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Alice Acland

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Founder and first general secretary of the Co-operative Women’s Guild, 1883.


The future Lady Alice Acland (1849-1935), daughter of Reverend Francis Macaulay Cunningham and his wife Alice, grew up in comfortable circumstances in Hampshire and Oxfordshire.  Educated at a local church school, she later did voluntary work as a district visitor in poor districts.  In 1873 she married Arthur Dyke Acland, an Oxford don and the youngest son of a baronet, who shared his father’s interest in educational reform.  Amongst the couple’s friends were EV Neale and Thomas Hughes, both prominent supporters of co-operation in the latter half of the nineteenth century.  (The future Sir Acland would join Neale and Hughes as a well-known co-operator, co-authoring Working Men Co-operators, with Benjamin Jones, in 1884. He went on to represent Rotherham, Yorkshire as a Liberal MP from 1885-99.  He remained supportive of co-operatives throughout his life, and endowed a scholarship fund for young co-operators at his death in 1926.)

In 1875 Acland, a staunch advocate of working-class education through the university extension movement, travelled north on a speaking tour of industrial towns and working-men’s clubs – a trip that included a visit to Rochdale.  Accompanying her husband on the trip, Mrs Acland became increasingly aware of the lack of opportunities available to working-class women, and began to discuss ways they might become more involved with co-operation.  In 1882, with support from editor Samuel Bamford, Mrs Acland wrote a series of articles about women’s lives for the Co-operative News.  The following year, Bamford inaugurated the News’ “Woman’s Corner”, with Mrs Acland as its editor.  In her very first column, she criticised the status of women in the movement and called for a women’s organisation:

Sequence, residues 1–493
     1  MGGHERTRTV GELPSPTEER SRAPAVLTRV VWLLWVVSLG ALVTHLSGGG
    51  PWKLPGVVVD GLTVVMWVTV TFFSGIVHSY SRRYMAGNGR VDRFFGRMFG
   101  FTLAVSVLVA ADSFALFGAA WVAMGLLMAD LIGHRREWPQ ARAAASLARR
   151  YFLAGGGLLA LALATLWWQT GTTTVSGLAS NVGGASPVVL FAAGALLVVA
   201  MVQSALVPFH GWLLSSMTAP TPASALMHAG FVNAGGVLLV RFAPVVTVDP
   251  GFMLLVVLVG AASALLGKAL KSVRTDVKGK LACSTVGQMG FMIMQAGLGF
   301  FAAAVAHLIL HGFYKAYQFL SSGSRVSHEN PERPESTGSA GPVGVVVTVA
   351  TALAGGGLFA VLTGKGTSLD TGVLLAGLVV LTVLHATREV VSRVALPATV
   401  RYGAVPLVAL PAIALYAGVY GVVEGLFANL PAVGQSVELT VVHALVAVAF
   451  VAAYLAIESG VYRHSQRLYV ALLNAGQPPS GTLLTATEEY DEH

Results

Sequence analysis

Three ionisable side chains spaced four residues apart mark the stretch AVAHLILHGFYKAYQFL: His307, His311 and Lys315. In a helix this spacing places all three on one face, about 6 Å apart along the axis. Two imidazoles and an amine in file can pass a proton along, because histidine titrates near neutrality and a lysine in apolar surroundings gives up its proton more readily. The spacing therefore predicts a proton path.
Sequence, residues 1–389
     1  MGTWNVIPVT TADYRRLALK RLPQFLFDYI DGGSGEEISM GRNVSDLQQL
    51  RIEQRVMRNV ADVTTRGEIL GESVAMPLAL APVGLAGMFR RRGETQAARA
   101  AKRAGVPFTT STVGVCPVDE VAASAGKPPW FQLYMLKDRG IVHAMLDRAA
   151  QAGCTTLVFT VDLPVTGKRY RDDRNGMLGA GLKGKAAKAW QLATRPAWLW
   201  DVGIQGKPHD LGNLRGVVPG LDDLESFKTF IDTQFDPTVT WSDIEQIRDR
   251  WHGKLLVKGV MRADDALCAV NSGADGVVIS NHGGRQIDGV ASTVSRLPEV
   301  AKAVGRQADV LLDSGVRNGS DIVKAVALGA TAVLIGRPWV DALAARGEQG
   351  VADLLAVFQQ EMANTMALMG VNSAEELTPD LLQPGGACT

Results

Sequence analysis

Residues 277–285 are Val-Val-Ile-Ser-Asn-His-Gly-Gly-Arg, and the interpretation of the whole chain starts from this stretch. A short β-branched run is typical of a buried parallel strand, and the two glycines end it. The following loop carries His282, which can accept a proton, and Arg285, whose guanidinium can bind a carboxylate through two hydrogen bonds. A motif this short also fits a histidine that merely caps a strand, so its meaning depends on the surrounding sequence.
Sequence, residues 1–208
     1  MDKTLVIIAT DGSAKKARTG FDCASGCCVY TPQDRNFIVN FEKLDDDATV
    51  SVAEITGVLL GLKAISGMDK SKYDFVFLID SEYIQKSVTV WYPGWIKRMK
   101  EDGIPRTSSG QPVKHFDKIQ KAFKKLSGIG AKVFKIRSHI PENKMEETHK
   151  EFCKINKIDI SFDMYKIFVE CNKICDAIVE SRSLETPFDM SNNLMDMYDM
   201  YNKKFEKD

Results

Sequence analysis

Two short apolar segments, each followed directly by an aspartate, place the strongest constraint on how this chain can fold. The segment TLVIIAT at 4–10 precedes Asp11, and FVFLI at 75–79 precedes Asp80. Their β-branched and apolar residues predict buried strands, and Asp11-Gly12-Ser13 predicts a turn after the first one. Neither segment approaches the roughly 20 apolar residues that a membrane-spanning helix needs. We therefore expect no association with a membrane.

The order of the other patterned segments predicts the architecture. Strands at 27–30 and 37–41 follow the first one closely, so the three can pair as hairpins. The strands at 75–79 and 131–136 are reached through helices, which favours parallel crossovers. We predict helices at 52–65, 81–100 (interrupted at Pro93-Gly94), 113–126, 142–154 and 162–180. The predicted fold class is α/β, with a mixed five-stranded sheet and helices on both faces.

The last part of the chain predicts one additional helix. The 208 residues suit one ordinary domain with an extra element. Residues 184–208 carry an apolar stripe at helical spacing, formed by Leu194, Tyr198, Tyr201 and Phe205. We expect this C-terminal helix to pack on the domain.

What are men always urged to do when there is a meeting held at any place to encourage or to start co-operative institutions?‑ Come! help? vote! criticise! act! What are women encouraged to do? ‑ Come and buy! That is all.  We can be independent members of our stores, but we are only asked to come and “buy”. A bitter truth, and it is our fault. … In this matter of co-operation, for instance, why should not we women do more than we do? Why should not we have our meetings, our readings, our discussions? Why should we not have co-operative “mother’s meetings” when we may bring our work and sit together, one of us reading some co-operative book aloud, which may afterwards be discussed? Are we not as important as the men? Are we not more than half the nation? … Women can do great things. Let us do them.  (Co-operative News, 6 January 1883)

Several women responded to her call, and later that year the first branches of the Co-operative Women’s Guild were established.

Mrs Acland served as the CWG’s first general secretary, and as its national president from 1884-86.  However, her health was poor and in 1886 she resigned her position as “Woman’s Corner” editor as well as the Guild’s presidency.  Thereafter her involvement in the CWG was limited to occasional meetings and ‘Woman’s Corner’ writings.

The Aclands had three children, two sons and a daughter.  Mrs Acland became Lady Acland in 1919, when her husband succeeded his brother as baronet; following Arthur’s death in 1926 their elder son Francis became the fourteenth baronet. Lady Acland’s health remained fragile and she was bedridden for the last twelve years of her life, dying in London in 1935.  A few years before her death, in 1931, CWG members acknowledged her pioneering work by granting her their highest honour, the Freedom of the Guild.

Interested in learning more about co-operative history? Follow this link to the National Co-operative Archive.